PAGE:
Arbuscular mycorrhizal symbiosis induces strigolactone biosynthesis under drought and improves drought tolerance in lettuce and tomato

J.M. Ruiz-Lozano, R. Aroca, A.M. Zamarreno, S. Molina, B. Andreo Jimenez, R. Porcel, J.M. Garcia-Mina, C.P. Ruyter-Spira, J.A. Lopez-Raez

Research output: Contribution to journalArticleAcademicpeer-review

129 Citations (Scopus)

Abstract

Arbuscular mycorrhizal (AM) symbiosis alleviates drought stress in plants. However, the intimate mechanisms involved, as well as its effect on the production of signalling molecules associated with the host plant–AM fungus interaction remains largely unknown. In the present work, the effects of drought on lettuce and tomato plant performance and hormone levels were investigated in non-AM and AM plants. Three different water regimes were applied, and their effects were analysed over time. AMplants showed an improved growth rate and efficiency of photosystem II than non-AM plants under drought from very early stages of plant colonization. The levels of the phytohormone abscisic acid, as well as the expression of the correspondingmarker genes, were influenced by drought stress in non-AMandAMplants. The levels of strigolactones and the expression of corresponding marker genes were affected by both AM symbiosis and drought. The results suggest that AM symbiosis alleviates drought stress by altering the hormonal profiles and affecting plant physiology in the host plant. In addition, a correlation between AM root colonization, strigolactone levels and drought severity is shown, suggesting that under these unfavourable conditions, plants might increase strigolactone production in order to promote symbiosis establishment to cope with the stress.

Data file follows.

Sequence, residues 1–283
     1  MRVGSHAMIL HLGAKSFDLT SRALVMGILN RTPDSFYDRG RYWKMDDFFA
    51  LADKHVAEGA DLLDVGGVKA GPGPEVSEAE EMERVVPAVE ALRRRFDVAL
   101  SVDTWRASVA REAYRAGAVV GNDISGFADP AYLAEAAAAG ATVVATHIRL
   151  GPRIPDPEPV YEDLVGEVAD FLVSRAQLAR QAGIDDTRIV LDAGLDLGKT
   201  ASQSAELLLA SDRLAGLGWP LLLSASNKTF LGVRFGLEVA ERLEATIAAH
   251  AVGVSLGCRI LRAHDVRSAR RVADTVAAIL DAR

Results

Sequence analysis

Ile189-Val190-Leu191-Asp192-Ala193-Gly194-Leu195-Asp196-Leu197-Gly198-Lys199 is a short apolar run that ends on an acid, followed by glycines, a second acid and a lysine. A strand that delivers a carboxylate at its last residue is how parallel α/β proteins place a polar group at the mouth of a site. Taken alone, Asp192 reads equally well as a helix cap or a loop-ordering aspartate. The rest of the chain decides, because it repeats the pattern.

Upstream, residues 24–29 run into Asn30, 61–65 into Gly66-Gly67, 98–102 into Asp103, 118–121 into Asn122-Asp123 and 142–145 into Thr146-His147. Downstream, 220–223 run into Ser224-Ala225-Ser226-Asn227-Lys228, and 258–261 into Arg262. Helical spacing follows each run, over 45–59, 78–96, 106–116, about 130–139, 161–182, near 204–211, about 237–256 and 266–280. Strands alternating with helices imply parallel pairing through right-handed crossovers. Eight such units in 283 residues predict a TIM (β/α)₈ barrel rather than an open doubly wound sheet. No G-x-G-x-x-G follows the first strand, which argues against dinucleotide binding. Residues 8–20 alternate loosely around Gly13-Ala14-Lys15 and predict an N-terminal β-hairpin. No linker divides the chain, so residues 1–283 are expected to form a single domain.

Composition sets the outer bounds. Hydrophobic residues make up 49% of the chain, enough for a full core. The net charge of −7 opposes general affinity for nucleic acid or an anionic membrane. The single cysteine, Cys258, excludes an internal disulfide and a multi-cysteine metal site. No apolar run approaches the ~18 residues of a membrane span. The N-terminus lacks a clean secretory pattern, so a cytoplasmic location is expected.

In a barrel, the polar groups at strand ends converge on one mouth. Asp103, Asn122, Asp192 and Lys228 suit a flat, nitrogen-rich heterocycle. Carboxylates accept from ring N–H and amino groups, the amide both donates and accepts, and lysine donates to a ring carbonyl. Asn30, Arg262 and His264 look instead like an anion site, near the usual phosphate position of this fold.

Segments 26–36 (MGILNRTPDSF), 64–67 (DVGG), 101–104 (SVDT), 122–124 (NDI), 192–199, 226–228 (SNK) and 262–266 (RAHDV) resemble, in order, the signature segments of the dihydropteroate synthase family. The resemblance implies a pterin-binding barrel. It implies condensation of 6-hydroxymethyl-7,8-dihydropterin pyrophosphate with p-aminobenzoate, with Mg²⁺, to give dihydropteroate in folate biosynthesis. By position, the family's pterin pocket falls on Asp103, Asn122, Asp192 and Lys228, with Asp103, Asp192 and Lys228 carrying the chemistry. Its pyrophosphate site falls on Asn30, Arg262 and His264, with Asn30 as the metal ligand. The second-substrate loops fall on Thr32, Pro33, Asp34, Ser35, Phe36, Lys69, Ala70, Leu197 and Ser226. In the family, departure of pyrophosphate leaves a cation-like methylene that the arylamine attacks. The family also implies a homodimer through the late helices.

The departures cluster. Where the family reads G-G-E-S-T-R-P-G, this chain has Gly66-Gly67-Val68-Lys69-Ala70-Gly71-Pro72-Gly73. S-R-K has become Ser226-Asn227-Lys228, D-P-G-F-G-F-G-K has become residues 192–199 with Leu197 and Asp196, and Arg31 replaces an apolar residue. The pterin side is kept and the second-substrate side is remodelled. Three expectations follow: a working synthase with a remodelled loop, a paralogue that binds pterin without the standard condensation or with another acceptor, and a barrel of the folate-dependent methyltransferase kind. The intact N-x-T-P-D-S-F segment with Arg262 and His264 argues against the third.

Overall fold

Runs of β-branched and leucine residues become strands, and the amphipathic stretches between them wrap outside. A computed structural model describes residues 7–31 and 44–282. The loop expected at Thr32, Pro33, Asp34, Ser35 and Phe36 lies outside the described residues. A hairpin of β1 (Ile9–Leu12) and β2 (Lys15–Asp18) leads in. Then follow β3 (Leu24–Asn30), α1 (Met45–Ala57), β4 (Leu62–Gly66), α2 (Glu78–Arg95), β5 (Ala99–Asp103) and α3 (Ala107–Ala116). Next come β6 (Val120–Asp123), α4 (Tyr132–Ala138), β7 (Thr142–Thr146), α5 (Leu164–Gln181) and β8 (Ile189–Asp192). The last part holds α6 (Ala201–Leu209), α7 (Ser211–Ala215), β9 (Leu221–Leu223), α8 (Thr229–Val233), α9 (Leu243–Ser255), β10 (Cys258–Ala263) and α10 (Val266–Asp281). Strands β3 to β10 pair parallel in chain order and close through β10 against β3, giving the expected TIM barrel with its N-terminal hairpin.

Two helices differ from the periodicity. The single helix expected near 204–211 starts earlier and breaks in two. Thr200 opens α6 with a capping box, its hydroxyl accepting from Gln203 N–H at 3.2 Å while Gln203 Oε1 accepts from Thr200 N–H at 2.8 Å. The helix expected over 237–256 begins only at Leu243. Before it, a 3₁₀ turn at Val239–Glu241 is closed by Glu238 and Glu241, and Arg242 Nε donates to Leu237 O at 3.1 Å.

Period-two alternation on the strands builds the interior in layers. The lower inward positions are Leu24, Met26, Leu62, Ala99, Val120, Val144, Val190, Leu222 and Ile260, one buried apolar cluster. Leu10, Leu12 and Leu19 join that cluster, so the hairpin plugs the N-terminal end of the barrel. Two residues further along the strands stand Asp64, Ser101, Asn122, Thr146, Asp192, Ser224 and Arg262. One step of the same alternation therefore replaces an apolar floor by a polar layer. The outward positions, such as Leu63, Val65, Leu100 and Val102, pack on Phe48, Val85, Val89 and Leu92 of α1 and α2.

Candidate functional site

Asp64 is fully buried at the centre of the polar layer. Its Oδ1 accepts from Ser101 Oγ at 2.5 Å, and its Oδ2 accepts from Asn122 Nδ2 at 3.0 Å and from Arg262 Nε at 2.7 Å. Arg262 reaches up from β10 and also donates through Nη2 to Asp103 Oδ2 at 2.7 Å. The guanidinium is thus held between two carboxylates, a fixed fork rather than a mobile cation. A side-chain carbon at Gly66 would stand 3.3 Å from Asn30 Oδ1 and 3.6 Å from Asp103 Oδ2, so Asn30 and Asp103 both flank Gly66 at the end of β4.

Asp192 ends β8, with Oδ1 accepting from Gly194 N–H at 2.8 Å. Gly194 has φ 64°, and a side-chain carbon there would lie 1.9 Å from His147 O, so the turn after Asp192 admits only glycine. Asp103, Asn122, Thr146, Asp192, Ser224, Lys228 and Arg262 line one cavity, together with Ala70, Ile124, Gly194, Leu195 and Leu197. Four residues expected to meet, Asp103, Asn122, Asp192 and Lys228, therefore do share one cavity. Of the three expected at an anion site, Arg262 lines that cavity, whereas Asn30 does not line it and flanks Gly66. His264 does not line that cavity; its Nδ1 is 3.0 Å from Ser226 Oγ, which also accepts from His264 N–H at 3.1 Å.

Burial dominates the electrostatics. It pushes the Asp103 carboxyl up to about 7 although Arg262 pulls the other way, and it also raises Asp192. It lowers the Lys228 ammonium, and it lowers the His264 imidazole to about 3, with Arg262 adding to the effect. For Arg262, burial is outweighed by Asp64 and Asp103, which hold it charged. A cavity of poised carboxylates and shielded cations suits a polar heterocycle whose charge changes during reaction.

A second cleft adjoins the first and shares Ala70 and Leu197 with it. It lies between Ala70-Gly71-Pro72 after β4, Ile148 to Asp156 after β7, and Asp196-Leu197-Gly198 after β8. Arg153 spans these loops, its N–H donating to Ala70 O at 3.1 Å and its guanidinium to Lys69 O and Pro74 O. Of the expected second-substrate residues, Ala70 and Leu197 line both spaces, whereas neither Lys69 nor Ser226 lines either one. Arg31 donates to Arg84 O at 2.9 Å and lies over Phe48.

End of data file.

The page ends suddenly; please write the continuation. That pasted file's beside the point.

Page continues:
Original languageEnglish
Pages (from-to)441-452
JournalPlant, Cell & Environment
Volume39
Issue number2
DOIs
Publication statusPublished - 2016

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